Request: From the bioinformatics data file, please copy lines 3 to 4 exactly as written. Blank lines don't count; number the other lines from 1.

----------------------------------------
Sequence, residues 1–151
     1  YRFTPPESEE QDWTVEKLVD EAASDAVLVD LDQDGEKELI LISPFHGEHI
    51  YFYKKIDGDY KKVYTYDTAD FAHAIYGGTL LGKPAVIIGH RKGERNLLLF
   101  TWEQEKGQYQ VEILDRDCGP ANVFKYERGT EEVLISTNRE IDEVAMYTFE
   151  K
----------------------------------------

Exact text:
    51  YFYKKIDGDY KKVYTYDTAD FAHAIYGGTL LGKPAVIIGH RKGERNLLLF
   101  TWEQEKGQYQ VEILDRDCGP ANVFKYERGT EEVLISTNRE IDEVAMYTFE